The Department of Crop and Soil Sciences understands the relationship between water quality, nutrient management, and conservation planning while providing solutions to farmers as well as state and federal agencies.
Over forty years ago, Dr. Wendell Gilliam, a renowned professor in the Soil Science Department, measured nutrient losses from fertilized and non-fertilized agricultural fields in the mountains of North Carolina. He was one of the first researchers in the United States to measure the ability of riparian buffers to reduce nitrogen contributions from fields into streams.
Researchers have continued to document riparian buffer effectiveness and provide nitrogen reduction values to the N.C. Department of Environment and Natural Resources. Our department was instrumental in the mid-1990s in developing the nutrient management training required for animal waste operators. During this time, Dr. David Crouse helped develop the training module and worked with producers during certification and afterward to ensure extension materials were provided for continued certification of these farmers. By virtue of these training efforts, nutrients from animal waste used to grow crops are now applied at the appropriate rates, thereby protecting water quality.
As the poultry and swine industries have changed management practices and feed ingredients that directly affect the nutrient content and mineralization potential of animal waste, research and extension programs have continued to ensure that we have a better understanding of the nutrients available in these materials. Given the relatively high phosphorus content in animal waste, especially from poultry, phosphorus losses to surface waters can be a concern as elevated phosphorus concentrations can result in water quality problems in phosphorus-sensitive rivers and streams. Faculty from the Department of Crop and Soil Sciences, along with the NC State Department of Biological and Agricultural Engineering, were responsible for developing the North Carolina Phosphorus Loss Assessment Tool (PLAT) required by the USDA Natural Resources Conservation Service. This index is considered one of the most defensible in the U.S. because it is based on extensive and long-term research developed by researchers in our department.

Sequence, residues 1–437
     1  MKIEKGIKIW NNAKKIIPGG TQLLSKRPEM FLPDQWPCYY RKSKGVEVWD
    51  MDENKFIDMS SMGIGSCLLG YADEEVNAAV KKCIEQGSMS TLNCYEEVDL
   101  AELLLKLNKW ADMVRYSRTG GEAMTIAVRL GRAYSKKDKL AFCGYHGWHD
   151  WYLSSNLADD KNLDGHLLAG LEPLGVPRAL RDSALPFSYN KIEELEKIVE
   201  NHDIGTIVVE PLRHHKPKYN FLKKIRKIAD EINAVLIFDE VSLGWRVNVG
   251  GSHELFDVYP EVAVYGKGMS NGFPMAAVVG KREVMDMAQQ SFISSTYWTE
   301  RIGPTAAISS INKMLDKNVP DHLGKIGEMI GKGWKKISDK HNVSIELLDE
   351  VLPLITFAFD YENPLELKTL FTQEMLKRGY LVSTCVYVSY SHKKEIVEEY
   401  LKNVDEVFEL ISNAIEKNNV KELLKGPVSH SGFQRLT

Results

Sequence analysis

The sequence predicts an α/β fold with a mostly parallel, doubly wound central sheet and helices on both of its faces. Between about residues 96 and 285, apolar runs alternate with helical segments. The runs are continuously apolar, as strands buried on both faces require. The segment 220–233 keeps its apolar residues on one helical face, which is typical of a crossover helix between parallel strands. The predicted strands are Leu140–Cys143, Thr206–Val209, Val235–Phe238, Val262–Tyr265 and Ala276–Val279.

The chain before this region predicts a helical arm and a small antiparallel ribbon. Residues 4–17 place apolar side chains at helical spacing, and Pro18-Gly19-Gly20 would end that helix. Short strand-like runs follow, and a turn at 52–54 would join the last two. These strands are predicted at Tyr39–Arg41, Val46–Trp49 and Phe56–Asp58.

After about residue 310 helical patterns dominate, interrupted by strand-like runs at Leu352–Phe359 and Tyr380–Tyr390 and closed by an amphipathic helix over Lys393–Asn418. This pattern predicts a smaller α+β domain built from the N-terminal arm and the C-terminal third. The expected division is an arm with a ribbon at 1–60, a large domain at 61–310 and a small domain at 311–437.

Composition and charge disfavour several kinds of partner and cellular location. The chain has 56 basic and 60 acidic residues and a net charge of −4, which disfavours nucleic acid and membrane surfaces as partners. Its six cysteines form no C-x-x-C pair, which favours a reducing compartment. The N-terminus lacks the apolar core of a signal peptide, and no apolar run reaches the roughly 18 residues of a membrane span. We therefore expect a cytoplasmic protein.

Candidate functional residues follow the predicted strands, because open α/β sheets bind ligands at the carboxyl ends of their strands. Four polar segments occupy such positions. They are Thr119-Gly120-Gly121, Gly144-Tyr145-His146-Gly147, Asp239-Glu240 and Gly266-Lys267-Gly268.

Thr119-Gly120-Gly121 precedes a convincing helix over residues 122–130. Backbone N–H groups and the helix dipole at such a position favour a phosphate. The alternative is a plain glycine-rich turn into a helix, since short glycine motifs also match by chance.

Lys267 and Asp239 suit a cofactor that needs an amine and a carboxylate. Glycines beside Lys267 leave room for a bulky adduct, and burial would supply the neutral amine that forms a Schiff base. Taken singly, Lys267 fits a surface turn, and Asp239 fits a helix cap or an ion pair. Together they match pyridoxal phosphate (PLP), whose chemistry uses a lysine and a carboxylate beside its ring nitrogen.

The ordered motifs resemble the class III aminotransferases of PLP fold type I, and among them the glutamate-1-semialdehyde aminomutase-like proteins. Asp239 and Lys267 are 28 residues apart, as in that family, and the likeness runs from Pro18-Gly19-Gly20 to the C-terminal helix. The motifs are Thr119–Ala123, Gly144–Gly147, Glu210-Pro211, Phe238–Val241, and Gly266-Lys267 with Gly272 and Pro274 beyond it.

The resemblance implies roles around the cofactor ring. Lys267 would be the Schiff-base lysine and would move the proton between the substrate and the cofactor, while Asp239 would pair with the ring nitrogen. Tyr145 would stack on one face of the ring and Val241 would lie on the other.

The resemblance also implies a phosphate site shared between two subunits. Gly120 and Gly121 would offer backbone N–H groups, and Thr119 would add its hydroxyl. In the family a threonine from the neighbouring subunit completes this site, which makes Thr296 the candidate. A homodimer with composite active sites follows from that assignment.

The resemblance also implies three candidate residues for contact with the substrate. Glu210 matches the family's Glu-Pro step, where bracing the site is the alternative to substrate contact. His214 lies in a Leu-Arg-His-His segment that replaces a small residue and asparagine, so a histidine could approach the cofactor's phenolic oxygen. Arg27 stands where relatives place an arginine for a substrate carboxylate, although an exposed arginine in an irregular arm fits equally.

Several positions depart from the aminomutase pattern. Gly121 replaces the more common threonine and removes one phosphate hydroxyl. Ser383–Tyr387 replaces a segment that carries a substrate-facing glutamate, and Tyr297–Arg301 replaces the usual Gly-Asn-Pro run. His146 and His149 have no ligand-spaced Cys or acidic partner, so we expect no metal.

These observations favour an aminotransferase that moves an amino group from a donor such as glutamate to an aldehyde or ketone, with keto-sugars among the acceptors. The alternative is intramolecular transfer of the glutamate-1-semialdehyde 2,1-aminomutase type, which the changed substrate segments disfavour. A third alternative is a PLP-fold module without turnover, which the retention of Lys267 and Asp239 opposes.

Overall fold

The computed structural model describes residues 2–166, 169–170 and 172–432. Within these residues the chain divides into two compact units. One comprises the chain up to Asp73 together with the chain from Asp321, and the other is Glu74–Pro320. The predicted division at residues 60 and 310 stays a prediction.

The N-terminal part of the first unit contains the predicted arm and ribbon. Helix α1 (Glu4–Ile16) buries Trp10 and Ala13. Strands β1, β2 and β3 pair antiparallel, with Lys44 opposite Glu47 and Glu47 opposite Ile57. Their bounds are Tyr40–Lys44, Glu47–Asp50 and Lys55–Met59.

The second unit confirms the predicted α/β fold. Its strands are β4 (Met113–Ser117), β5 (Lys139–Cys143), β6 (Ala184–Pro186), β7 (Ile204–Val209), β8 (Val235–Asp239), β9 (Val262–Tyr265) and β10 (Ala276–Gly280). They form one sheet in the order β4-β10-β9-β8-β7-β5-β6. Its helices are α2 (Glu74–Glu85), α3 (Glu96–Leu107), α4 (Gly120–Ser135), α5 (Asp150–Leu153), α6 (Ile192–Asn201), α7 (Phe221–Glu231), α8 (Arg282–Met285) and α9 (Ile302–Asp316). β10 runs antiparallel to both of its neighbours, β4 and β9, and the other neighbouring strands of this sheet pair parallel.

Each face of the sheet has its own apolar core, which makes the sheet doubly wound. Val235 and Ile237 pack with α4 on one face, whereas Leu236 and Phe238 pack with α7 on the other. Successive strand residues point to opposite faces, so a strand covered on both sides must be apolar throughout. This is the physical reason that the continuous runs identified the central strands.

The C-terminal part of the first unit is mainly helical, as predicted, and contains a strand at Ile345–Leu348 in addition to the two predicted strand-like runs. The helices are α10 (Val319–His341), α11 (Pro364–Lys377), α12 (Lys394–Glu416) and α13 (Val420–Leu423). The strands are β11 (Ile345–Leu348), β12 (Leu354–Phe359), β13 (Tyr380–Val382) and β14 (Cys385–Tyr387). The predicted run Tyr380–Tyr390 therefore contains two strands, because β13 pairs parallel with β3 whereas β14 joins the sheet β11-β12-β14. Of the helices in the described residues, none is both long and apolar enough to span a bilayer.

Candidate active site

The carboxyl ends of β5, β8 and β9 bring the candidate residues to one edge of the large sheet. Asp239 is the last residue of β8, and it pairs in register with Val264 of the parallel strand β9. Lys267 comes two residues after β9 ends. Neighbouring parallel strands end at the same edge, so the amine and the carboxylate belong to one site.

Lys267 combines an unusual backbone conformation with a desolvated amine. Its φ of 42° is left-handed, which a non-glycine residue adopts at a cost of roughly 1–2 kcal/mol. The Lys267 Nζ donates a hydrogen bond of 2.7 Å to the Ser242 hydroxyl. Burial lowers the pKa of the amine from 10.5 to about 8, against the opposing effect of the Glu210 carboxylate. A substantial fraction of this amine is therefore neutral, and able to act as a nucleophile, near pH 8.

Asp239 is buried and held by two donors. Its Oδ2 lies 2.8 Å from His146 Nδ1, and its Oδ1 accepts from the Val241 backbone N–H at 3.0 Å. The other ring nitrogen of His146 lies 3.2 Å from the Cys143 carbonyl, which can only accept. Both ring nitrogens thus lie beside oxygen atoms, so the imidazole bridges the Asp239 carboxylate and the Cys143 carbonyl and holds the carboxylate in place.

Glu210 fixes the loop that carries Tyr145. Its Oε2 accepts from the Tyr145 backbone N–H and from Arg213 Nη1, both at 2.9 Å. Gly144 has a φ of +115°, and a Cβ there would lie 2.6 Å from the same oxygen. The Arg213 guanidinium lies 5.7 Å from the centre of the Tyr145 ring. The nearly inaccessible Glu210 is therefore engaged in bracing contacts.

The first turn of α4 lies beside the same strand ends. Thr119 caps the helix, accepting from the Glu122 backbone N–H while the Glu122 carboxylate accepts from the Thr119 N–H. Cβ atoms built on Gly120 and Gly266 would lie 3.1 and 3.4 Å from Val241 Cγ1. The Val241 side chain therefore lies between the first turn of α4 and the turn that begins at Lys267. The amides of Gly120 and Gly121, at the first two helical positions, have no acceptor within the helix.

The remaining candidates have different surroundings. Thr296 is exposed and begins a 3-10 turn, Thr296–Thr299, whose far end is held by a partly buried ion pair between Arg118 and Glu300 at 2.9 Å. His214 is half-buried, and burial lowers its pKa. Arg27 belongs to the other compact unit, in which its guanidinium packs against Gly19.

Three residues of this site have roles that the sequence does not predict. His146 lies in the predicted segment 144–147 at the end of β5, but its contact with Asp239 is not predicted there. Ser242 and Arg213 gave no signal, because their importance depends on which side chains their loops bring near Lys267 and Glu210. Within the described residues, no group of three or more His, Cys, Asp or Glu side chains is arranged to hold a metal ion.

With Neuse River Basin regulations requiring all sectors, point source and non-point source, to reduce nitrogen coming into the river by 30 percent, Dr. Deanna Osmond led a team that developed the required Nitrogen Loss Estimation Worksheet (NLEW) and later the phosphorus accounting tool (PTAC) for the Tar-Pamlico River Basin. In conjunction with this effort, and working with former soil science faculty member Dr. Steve Hodges, the team developed a farmer nutrient management program to be delivered in regulated river basins by local extension agents. More than 5,000 farmers in North Carolina’s regulated river basins (Neuse, Tar-Pamlico and Jordan) have been trained in nutrient management.
At the national level, Osmond led a team of nine scientists in reviewing thirteen federally funded projects that tried to relate water quality change to conservation practice implementation. This project, known as the National Institute of Food and Agriculture Conservation Effects Assessment Project (NIFA CEAP), identified key lessons that could increase the effectiveness of conservation planning and implementation to protect water quality so that funding is used more judiciously.
These lessons have been presented in the book How to Build A Better Agricultural Conservation: the NIFA CEAP Experience, fact sheets (https://cals.ncsu.edu/crop-and-soil-sciences/extension/publications/), presentations and webinars, as well as through conversations with conservation planning organizations such as Extension and Water Conservation Society, Natural Resource Conservation Services. Additional information can be found at https://www.nrcs.usda.gov/wps/portal/nrcs/detail/national/technical/nra/ceap/ws/?cid=nrcs143_014164.
The Department of Crop and Soil Sciences will continue to understand the relationship between water quality, nutrient management, and conservation planning while providing solutions to farmers as well as state and federal agencies.
Written by Dr. Deanna Osmond